Intuitively, if two users with very different tastes (and product interactions) click on the same product-pair, this suggests a strong relationship between the product-pair. Conversely, if two users have similar tastes (and many product pairs), the product-pair relationship is weaker. This reduces the noise from herd behavior (e.g., Harry Potter problem) and identifies more meaningful i2i recommendations.
From these simple equations, we see how recommendations can be incrementally updated in real-time. Instead of batch matrix multiplication, user and item weights are updated with each customer interaction, perhaps in a key-value store. The weights can then be combined—via summation—to update i2i recommendations.
These equations can also be adapted to calculate user affinity towards category, brand, seller, price point, etc. Such affinities are then be used to weigh recommendation candidates. For example, if a user has historical preference for a specific brand, we give items with that brand a higher weight.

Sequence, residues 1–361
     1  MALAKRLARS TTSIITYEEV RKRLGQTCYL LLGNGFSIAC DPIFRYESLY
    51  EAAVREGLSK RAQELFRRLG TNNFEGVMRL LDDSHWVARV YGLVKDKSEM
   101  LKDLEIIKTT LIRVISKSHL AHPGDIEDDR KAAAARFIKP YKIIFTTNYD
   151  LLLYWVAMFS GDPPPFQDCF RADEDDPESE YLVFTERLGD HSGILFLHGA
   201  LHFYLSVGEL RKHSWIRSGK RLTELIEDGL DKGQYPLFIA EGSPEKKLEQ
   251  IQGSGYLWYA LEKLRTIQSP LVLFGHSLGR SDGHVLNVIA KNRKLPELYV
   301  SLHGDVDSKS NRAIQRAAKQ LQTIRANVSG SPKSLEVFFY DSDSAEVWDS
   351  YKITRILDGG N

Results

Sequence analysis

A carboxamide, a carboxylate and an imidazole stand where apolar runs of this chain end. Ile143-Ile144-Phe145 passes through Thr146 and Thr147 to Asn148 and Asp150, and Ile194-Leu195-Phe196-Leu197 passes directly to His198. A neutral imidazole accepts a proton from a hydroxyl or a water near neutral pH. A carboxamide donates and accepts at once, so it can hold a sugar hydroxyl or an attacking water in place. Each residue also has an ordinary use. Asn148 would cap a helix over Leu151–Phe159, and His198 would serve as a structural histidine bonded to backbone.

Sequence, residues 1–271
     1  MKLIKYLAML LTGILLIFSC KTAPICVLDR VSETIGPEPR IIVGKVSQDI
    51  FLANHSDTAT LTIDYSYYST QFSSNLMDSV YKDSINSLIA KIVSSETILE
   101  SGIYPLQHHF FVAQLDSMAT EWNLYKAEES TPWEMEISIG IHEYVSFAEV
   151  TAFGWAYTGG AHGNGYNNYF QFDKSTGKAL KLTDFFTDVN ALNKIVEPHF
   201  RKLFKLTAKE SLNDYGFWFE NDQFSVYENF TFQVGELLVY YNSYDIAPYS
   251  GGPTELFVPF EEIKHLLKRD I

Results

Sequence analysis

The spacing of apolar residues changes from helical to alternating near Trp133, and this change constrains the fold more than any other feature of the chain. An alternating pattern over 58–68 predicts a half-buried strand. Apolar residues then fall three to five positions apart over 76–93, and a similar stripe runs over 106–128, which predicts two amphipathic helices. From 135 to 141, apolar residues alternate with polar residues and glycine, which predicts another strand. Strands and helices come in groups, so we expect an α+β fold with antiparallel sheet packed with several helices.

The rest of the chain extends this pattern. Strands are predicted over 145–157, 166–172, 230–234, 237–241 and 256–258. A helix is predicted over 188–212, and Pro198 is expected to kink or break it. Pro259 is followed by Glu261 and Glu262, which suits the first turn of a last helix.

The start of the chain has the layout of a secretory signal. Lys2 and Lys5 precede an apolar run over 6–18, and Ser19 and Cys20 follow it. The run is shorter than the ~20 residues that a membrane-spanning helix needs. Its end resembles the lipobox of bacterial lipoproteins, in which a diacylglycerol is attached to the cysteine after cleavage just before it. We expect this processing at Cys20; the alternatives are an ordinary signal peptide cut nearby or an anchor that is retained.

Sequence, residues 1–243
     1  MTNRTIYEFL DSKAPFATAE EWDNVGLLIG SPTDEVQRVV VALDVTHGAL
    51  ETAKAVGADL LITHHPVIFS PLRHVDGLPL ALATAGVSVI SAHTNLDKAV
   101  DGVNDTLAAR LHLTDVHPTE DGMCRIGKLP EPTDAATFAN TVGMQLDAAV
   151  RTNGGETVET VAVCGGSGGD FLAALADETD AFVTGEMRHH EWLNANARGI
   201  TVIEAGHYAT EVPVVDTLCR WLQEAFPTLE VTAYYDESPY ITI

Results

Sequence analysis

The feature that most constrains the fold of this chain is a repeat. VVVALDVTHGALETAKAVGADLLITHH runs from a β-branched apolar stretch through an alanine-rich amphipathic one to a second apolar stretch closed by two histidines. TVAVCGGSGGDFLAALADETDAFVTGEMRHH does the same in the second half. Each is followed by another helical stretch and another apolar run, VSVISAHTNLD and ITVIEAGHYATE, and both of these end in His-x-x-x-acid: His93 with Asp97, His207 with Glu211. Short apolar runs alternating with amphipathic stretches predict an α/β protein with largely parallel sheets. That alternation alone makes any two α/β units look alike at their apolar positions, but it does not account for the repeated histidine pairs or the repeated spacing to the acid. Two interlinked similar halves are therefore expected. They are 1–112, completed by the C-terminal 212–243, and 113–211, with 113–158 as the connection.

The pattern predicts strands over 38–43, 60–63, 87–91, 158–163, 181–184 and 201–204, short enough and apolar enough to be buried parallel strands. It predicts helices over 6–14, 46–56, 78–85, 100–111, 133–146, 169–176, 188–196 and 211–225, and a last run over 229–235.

Here’s an example of Swing and category affinity used in real-time recommendations at Alibaba. This implementation is for the “Recommended For You” widget on the home page of 1688, a B2B e-commerce. The widget receives clicks from 72% of users.
Real-time recommendations on Alibaba 1688 (source)
A quick rundown of the infra components:
Here’s how recommendations are updated and served. As the user browses on the app:
Tencent’s approach is similar. The crux is to break up item-based CF into two aggregates: item count and pair count. Item-to-item similarity is then computed using these aggregates. Thus, item and pair aggregates can be incrementally updated and combined to generate recommendations in real-time. Their system is implemented on Apache Storm and used in Tencent News, Tencent Videos, YiXun (e-commerce), and QQ ads (messaging).
A/B tests showed that real-time recommendations led to 6 - 8% increase in CTR for news recommendations, and 6 - 18% increase in CTR for e-commerce recommendations.